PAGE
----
Trump Warns of 'Fire and Fury' as Report Indicates North Korea Can Put Nuke on ICBM
WASHINGTON -- Reports from U.S. and Japanese intelligence that North Korea has miniaturized a nuclear warhead to fit atop an intercontinental ballistic missile sparked a warning of "fire and fury" retaliation from President Trump and a comparison to the Cuban Missile Crisis from a House Republican.
A new 500-page-plus white paper from Japan's defense ministry found that Kim Jong-un's ballistic missile and nuclear programs had “advanced considerably" and "are becoming increasingly real and imminent problems for the Asia-Pacific region including Japan, as well as the rest of the world."
“It is conceivable that North Korea’s nuclear weapons program has already considerably advanced and it is possible that North Korea has already achieved the miniaturization of nuclear weapons into warheads and has acquired nuclear warheads," the report, which the Guardian described as "vague," said.
The Washington Post today reported on a confidential assessment from the Defense Intelligence Agency that found North Korea has miniaturized warheads. Kim has up to 60 nuclear weapons in his arsenal, though experts vary on the exact estimate.
“The IC [intelligence community] assesses North Korea has produced nuclear weapons for ballistic missile delivery, to include delivery by ICBM-class missiles,” the assessment states, according to the Post.
At the conclusion of the president's comments about opioid addiction during a roundtable meeting on the crisis at his golf club in Bedminster, N.J., Trump was asked about the report.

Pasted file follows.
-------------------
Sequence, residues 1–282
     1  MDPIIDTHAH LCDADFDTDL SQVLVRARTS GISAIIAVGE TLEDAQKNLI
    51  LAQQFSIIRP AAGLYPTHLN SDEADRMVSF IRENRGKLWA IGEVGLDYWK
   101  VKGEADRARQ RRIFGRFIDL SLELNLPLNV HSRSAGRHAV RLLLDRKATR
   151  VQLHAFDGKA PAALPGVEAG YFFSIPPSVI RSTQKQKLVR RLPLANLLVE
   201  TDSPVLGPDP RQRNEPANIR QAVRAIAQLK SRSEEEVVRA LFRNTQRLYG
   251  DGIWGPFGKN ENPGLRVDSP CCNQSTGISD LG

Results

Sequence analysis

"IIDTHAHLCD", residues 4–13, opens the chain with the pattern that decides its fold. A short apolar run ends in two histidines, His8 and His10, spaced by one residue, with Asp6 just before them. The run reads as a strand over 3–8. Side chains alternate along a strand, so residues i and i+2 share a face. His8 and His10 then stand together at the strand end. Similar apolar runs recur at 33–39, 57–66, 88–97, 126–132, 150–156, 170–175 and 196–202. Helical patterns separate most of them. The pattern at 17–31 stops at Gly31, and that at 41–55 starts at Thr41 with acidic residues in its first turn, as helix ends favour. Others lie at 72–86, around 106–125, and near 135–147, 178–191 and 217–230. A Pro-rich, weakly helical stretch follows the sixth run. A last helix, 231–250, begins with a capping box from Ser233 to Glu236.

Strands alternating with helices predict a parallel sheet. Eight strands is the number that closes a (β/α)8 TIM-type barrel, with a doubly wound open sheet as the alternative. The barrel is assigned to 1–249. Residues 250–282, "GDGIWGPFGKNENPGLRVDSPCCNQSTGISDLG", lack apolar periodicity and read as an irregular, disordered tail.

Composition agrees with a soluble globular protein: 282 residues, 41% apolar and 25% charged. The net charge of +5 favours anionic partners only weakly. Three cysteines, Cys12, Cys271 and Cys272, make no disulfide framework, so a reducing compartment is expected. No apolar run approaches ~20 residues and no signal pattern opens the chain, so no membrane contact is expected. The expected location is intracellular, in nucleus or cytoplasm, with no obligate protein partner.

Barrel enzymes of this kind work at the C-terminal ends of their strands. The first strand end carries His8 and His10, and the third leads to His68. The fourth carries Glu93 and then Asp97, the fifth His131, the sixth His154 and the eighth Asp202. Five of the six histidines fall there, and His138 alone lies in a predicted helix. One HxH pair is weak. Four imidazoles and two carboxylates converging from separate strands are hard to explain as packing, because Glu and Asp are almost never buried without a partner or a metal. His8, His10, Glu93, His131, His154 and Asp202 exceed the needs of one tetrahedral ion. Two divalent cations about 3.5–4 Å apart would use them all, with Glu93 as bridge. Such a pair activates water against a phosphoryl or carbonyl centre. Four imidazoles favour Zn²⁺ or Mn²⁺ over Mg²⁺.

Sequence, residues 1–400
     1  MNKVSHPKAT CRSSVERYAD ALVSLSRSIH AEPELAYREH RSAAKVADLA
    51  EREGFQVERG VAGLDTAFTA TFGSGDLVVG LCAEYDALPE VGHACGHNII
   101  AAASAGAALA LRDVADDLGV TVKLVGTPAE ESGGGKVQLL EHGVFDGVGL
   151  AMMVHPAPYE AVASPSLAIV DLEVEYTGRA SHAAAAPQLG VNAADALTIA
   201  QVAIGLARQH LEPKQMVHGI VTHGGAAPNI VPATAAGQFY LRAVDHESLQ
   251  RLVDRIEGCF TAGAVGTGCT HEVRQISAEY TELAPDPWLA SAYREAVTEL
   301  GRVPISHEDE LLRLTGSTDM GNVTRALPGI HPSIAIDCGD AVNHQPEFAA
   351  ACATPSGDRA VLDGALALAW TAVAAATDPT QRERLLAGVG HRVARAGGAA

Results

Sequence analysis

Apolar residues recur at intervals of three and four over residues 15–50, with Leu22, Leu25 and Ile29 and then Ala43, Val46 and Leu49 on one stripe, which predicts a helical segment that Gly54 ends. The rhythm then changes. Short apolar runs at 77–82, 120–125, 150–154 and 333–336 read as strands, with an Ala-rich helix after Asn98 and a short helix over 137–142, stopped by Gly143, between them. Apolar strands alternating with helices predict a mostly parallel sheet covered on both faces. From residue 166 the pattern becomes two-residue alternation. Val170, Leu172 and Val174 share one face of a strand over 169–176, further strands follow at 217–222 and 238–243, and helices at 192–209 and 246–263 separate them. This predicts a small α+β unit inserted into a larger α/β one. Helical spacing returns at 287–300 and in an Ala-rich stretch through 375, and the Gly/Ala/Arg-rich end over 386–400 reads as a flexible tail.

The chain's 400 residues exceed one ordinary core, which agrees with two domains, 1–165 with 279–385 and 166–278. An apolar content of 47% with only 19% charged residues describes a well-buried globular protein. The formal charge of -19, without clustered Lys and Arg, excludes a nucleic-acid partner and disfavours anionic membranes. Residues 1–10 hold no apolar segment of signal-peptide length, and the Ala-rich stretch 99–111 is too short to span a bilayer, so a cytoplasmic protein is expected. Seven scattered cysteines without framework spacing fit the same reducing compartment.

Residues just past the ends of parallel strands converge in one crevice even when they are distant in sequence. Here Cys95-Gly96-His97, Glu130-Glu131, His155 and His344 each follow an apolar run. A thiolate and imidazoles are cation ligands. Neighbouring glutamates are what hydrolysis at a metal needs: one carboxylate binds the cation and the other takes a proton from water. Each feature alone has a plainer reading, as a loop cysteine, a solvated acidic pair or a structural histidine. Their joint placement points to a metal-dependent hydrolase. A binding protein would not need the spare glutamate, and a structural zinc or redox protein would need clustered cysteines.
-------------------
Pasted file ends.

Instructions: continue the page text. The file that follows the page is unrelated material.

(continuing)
"North Korea best not make any more threats to the United States. They will be met with fire and fury like the world has never seen," Trump replied. "He has been very threatening beyond a normal statement. And as I said, they will be met with fire, fury, and, frankly, power, the likes of which this world has never seen before."
Earlier today, North Korea slammed new unanimous UN Security Council sanctions designed to squeeze the regime's natural resources export revenue as "an outright challenge" to Kim's power.
"As we've already said, we'll take a stern action of justice, as long as the U.S. has ultimately produced the UNSC resolution aimed at violating our sovereignty and rights to survival and development. We're ready to use the last resort of any kind without hesitation," said a government statement issued by the official Korean Central News Agency.
"The countries that the U.S. thanked for colluding in working out the villainous sanctions resolution… can never shirk responsibility for further aggravating the situation on the Korean Peninsula and putting the regional peace and security at risk," Pyongyang added of their trade partners Russia and China.
KCNA responded to Trump's "fire and fury" vow by announcing they're "carefully examining" plans to strike Guam. The state-run media said the plan could be "put into practice in a multi-current and consecutive way any moment" if Kim gives the green light.